Beam us up Mr. Roddenberry
Gene Roddenberry


In the late ’70’s, sunday mornings meant Dad cooked breakfast (ham and cheese omelets, fried potatoes, and either sausage or bacon, mmmmm so good). It also meant that until Mom woke up we had to sit in front of the tv and watch what he wanted; Star Trek: The Original Series. I didn’t like it then, but who knew it would take on a life of its own; a life that would change geek culture forever.

Today is August 19th, 2015 and if the man who had created the global movement that is now Star Trek was still alive he would have been 94 years old.  What other amazing worlds would he have taken us to by now?  How would he feel about the world today and all the things that we take for granted that are undeniably inspired by the universe that he brought to life in 1964 (Yes, “The Cage”, the original Star Trek pilot, was filmed in late 1964 and presented to NBC in 1965)?

The most obvious examples of course are technological: communicators=mobile phones (although we’ve moved well beyond flip phones but not quite to the communicator pins of ST:TNG) , PADDS=tablets, etc. Scientists have come closer and closer to creating warp drive, cloaking devices, and transporters. It was even recently revealed that transparent metal had been achieved.  “Hello, computer!”

Only slightly less obvious however, is the cultural impact. I say slightly, because who amongst Geek culture has not said “Beam me up Scotty”? Or “Live long and prosper”? Do you have a friend with exceptional hearing? Have you ever cursed their ‘Vulcan ears’? Who can resist the “I see dead people” joke when ever some one in a red shirt comes into view?

My personal favorite is “Resistance is futile. You will be assimilated”. I even used it as a greeting on my voice mail once.

Mr. Roddenberry gave us the original series, and The Next Generation. He was consulted about Deep Space Nine before his death, and the team behind Voyager felt they were following his ideals with that series. Enterprise…well fans argue about that one endlessly.  While Star Trek is not the only contribution he made to film and television, it is the best known.  (His wife, the indomitable Majel Barrett, whom he met while working at Screen Gems, produced at least two series based on scripts that he had written, Earth: Final Conflict and Andromeda.)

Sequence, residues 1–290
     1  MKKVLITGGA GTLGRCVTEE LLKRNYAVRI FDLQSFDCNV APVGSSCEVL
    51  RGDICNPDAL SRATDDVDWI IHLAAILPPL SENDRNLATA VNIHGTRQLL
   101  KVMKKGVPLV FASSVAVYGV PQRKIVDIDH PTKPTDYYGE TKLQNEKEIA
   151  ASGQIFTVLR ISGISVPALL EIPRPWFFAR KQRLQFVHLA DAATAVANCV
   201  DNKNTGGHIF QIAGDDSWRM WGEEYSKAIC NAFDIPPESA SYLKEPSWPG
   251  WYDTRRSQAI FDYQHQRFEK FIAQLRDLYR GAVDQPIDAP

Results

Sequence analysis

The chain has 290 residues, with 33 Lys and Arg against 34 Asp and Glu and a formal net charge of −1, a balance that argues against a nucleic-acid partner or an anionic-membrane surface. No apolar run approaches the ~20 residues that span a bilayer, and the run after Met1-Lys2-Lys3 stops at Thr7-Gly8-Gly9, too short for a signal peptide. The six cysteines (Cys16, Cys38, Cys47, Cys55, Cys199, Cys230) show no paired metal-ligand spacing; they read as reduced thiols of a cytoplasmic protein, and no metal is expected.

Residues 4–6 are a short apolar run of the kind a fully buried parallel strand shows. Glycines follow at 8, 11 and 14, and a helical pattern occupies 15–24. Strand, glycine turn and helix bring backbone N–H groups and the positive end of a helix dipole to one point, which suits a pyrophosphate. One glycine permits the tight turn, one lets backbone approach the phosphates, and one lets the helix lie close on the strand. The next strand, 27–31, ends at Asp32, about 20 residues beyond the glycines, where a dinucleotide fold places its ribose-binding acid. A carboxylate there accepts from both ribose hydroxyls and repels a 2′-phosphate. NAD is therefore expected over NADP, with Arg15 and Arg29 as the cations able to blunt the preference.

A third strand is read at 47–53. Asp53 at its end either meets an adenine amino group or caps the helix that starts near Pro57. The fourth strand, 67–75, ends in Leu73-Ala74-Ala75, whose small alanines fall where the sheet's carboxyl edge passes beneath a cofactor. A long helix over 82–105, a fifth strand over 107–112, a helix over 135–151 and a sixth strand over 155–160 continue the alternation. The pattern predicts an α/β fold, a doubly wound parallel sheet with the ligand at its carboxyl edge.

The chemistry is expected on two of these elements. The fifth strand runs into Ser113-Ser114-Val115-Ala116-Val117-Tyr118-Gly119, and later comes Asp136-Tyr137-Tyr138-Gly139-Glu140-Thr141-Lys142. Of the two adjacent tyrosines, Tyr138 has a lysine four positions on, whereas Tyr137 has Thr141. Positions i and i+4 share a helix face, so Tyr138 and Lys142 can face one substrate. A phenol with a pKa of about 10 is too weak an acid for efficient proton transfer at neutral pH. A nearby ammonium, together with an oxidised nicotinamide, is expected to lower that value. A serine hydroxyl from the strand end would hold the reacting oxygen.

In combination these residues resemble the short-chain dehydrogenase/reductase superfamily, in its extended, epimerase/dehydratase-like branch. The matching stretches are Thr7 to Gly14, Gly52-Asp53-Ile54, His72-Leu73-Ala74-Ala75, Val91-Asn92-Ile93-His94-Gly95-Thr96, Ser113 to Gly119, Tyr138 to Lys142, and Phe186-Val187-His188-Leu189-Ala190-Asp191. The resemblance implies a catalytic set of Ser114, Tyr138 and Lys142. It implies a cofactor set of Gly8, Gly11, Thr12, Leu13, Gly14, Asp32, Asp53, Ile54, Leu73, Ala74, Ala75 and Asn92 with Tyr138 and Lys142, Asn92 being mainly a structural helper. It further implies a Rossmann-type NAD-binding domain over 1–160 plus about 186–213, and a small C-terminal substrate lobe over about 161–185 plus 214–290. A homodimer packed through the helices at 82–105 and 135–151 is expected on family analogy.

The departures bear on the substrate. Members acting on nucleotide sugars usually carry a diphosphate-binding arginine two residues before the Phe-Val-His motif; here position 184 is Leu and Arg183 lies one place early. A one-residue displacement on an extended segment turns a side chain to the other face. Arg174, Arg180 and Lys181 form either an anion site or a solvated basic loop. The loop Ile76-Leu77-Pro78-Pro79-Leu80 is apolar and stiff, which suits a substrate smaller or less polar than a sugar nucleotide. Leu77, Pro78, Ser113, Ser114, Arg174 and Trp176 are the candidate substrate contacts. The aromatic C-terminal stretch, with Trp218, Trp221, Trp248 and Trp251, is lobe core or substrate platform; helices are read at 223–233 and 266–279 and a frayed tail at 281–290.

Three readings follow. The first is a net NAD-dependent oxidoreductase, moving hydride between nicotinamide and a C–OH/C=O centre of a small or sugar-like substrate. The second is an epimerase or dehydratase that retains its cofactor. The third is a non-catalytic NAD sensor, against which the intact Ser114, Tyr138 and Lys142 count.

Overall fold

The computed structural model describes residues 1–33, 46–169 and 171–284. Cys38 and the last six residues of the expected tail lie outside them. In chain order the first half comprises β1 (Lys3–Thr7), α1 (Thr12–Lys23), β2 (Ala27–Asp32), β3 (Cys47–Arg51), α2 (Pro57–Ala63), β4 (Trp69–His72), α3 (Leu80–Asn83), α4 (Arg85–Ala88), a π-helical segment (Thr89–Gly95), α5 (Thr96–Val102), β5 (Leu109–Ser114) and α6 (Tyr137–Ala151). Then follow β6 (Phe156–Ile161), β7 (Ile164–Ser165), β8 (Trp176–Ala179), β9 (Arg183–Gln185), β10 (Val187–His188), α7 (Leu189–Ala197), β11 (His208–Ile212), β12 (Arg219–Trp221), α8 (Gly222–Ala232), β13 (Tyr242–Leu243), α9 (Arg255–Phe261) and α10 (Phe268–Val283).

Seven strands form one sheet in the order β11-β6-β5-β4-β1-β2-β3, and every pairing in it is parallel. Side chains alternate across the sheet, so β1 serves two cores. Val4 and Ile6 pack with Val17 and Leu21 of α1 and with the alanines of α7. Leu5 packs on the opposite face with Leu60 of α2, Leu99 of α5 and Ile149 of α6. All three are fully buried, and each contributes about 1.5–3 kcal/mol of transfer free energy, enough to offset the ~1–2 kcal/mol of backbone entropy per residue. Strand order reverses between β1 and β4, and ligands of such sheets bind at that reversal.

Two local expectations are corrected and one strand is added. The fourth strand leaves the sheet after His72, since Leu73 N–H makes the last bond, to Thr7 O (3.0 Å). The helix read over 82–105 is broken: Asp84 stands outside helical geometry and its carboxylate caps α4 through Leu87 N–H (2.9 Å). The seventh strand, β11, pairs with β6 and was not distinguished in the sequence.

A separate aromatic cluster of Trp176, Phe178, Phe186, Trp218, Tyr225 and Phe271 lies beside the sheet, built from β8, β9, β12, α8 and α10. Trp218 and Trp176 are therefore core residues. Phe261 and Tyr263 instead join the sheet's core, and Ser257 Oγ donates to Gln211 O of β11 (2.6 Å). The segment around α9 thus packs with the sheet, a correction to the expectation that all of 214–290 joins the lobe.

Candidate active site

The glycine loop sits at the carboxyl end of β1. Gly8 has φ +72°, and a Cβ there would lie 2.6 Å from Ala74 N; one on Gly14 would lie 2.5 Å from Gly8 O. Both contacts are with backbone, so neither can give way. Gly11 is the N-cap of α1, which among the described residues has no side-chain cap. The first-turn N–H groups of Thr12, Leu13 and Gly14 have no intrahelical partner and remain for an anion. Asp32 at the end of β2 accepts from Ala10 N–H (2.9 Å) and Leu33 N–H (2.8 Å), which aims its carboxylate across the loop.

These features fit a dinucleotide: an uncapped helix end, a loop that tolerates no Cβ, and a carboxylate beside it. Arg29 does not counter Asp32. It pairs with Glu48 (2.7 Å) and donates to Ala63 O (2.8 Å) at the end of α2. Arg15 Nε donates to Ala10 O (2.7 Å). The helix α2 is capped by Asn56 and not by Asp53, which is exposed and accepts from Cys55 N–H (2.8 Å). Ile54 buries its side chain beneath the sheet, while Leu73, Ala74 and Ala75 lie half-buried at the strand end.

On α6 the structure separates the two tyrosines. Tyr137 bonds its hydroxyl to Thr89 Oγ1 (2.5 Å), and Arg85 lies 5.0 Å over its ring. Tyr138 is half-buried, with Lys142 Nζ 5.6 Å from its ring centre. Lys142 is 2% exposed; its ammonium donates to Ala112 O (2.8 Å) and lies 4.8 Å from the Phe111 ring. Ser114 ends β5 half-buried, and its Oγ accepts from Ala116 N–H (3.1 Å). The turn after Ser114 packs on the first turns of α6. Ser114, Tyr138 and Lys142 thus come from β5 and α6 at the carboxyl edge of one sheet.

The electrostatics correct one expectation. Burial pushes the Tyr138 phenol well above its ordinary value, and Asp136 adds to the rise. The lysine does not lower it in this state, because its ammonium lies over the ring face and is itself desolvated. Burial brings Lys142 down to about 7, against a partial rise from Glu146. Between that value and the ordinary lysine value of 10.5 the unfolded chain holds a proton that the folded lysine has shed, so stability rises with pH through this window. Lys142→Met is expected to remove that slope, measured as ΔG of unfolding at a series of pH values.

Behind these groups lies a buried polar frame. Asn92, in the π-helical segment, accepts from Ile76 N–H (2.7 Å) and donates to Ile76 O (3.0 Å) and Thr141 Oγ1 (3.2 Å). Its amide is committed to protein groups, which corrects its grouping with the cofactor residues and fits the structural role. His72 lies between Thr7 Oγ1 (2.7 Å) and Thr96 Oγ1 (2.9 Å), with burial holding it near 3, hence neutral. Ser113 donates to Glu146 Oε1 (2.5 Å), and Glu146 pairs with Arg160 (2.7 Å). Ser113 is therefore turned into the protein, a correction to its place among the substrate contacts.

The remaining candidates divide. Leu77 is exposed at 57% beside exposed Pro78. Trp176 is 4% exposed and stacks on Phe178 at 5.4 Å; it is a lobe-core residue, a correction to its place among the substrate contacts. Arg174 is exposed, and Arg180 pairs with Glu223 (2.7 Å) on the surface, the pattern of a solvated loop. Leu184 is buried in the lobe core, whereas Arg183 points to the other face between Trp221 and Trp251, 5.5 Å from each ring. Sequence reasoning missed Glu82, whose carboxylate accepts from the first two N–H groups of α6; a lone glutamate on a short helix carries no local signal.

Each show added to our Geek lexicon.  We went from cool Vulcan logic, to Ferengi Rules of Acquisition. Though not created by Roddenberry himself, Voyager’s EMH will forever remind us to “state the nature of the medical emergency”. Over the years so much from Trek has crept into our lives. So much of it has been for the better.

He was the first television writer to receive a star on the Hollywood Walk of Fame, was given a Macintosh 128K by Apple, Inc in 1986 (later a Macintosh Plus that they liked to say was the first one off of the production line) and has a crater on Mars named after him.

Gene’s star on the ‘Walk of Fame’.

Most recently William Shatner’s documentary “Chaos on the Bridge” has shown Trek fans a dark side to Mr. Roddenberry. Whether one believes the film’s claims or not, the reality is that we all have a dark side. Despite his flaws, (or maybe even because of them), Mr. Roddenberry gave us a future world where hope, imagination, and dreams would carry humanity to the stars. He gave us a future where all the people of earth were equal, and had moved beyond greed, power struggles, violence, etc.  While we wait for that future, (or work on it fervently across the world), so many little things from the shows have become invisibly normal and will most likely continue to do so.  Care for a cup of tea? Certainly, better make it Earl Grey, and hot.

News Reporter

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